When none of the above worked to remove a loose tooth, out came the pliers. And I’m not talking about the pliers a dentist uses. I’m talking about a pair of wire pliers. The ones like you work or a car or a bicycle with.
But before the pliers could be used they were sterilized thoroughly by washing them in a dishpan of water and then drenching them in Swan brand rubbing alcohol. The alcohol was something we used a lot. All cuts and scrapes got plenty of it to kill the germs. It burned like fire on a fresh cut.
But when the tooth had to come out, it had to come out, one way or another. And the worse part of it was seeing those wire pliers coming at your mouth knowing that Dr. Mom wouldn’t stop until the tooth was out. She would latch a hold on that loose tooth and with some twisting, cracking and pulling the tooth finally would give up.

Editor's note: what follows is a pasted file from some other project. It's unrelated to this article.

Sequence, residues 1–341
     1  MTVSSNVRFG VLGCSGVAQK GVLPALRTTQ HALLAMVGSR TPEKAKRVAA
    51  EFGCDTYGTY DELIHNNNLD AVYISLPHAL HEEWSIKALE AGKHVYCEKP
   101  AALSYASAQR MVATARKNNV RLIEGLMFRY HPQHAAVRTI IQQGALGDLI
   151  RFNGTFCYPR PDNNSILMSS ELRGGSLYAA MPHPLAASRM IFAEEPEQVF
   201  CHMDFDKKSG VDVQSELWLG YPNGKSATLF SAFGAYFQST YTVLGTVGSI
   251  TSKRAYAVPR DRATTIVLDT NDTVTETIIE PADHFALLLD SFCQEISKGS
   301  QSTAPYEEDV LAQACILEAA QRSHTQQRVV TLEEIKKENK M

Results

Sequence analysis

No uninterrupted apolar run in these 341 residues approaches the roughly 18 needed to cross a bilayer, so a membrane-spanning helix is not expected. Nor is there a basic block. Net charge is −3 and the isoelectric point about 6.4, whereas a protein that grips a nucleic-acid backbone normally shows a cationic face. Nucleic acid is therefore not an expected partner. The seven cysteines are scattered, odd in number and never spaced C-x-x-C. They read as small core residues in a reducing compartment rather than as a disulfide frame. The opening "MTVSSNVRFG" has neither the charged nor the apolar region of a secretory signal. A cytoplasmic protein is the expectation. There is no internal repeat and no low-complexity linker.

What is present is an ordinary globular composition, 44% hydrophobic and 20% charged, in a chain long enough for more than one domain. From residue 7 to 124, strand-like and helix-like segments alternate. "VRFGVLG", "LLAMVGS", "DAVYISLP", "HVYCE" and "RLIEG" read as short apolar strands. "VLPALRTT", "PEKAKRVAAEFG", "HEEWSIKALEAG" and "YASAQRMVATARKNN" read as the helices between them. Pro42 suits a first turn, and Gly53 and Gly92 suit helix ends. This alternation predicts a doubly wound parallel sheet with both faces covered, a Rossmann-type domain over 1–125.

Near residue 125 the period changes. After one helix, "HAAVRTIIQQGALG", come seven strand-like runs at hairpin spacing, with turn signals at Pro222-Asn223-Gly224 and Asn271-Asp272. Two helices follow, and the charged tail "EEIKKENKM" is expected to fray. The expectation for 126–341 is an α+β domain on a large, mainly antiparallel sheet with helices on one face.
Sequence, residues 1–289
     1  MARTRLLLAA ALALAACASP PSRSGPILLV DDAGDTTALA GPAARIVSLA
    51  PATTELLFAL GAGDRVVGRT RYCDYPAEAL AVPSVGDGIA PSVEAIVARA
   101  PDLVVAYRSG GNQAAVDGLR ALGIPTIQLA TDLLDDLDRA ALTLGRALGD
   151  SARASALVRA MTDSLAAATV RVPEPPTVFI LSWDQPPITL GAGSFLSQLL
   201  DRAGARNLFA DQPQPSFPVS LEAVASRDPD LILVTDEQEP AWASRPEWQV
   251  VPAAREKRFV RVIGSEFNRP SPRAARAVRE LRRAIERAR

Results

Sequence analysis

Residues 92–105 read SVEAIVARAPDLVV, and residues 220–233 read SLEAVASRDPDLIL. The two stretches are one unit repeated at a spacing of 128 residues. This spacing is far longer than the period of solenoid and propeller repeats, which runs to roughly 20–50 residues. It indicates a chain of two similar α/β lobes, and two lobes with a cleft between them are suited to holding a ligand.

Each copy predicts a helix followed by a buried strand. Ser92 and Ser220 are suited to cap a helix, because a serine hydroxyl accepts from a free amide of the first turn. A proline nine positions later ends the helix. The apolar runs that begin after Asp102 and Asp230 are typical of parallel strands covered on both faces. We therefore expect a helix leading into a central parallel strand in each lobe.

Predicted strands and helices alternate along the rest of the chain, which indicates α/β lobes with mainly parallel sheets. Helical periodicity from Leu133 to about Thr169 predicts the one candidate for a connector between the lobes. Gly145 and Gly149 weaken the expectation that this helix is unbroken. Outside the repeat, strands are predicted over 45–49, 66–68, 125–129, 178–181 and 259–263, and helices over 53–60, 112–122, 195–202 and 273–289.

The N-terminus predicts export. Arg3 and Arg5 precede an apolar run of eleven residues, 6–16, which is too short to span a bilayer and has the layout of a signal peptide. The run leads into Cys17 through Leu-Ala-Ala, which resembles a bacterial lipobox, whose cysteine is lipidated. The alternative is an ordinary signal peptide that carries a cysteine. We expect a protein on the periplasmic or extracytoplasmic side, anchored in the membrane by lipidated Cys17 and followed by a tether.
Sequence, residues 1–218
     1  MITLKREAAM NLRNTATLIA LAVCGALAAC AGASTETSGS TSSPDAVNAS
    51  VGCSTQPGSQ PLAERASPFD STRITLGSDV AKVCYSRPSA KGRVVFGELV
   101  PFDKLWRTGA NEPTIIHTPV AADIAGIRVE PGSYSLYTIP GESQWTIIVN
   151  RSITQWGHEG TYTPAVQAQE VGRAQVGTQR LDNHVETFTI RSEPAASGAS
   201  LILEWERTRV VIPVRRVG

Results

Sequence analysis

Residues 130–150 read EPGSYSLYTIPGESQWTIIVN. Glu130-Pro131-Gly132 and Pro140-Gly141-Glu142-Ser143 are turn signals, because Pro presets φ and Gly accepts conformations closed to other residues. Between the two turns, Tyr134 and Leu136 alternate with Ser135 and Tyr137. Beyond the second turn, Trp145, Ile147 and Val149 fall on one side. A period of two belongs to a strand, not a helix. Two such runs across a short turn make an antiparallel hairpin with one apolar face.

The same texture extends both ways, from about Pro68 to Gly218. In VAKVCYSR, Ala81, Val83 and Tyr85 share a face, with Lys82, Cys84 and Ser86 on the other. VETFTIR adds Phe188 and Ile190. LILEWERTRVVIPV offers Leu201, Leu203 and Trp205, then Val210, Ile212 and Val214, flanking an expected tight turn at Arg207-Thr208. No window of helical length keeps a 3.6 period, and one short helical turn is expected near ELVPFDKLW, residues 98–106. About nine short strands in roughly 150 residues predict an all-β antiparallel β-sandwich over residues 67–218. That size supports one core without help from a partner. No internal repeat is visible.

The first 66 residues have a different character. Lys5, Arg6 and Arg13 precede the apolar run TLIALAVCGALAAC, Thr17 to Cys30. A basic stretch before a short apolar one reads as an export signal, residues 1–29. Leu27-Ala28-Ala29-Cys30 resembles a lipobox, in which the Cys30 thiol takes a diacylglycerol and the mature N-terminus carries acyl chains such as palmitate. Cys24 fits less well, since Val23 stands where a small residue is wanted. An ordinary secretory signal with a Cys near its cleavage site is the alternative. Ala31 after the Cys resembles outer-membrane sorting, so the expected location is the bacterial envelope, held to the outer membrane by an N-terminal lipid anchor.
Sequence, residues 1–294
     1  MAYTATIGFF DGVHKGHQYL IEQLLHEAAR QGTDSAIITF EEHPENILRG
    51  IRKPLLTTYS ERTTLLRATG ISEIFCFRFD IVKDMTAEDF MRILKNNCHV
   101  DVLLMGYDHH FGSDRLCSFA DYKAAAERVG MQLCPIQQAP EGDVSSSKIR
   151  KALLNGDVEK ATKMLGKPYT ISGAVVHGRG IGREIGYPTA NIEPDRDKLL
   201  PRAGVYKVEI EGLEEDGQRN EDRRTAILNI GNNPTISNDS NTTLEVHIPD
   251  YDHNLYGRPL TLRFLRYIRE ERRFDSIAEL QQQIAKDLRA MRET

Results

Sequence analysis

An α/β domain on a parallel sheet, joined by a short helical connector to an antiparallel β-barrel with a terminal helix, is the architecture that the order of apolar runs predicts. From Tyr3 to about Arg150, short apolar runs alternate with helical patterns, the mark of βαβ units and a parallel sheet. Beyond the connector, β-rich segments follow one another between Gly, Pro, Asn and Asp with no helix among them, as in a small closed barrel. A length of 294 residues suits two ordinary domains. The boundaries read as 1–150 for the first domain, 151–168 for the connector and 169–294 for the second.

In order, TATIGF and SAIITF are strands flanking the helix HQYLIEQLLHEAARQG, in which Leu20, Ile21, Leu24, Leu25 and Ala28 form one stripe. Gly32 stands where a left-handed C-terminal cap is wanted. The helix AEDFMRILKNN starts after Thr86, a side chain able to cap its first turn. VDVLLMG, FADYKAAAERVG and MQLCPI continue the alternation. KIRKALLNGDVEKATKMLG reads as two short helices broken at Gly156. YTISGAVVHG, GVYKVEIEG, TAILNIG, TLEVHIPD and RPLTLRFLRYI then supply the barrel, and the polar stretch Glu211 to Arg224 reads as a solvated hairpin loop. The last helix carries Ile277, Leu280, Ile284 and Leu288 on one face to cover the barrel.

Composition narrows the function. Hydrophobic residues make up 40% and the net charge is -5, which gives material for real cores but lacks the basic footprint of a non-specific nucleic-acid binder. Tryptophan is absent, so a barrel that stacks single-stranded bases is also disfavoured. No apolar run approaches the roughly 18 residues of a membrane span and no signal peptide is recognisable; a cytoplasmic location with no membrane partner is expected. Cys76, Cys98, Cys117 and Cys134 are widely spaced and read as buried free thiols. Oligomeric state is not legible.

And all of this was done without any painkiller for the kids. Unless you counted the two Bayer “baby” aspirin we took minutes earlier. But before the aspirin had time to dull the pain the pliers were in and the tooth was out. It still hurts just thinking about it.
After the tooth was pulled we rinsed our mouth out with warm salt water. When the blood and water mixed it looked a lot worse than it actually was as we spit out the red fluid. Next, a piece of cotton taken from the Bayer aspirin bottle went in the now vacant hole to slow the bleeding.
When we thought we had given the gums time enough to stop bleeding we removed the cotton and rinsed again. But this time with a little rubbing alcohol mixed in with the water. Momma always said that alcohol would either cure or kill just about anything.
The grown ups were a little more fortunate. Sometimes they got the other kind of pain killer, distilled alcohol. A few drinks of moonshine or whiskey and the patient wouldn’t feel it if all their teeth were pulled.
Yep, times sure were different back then. Sometimes now I even laugh a little when I think about them. But one thing was for sure; we didn’t need a dentist as long as we had Dr. Mom.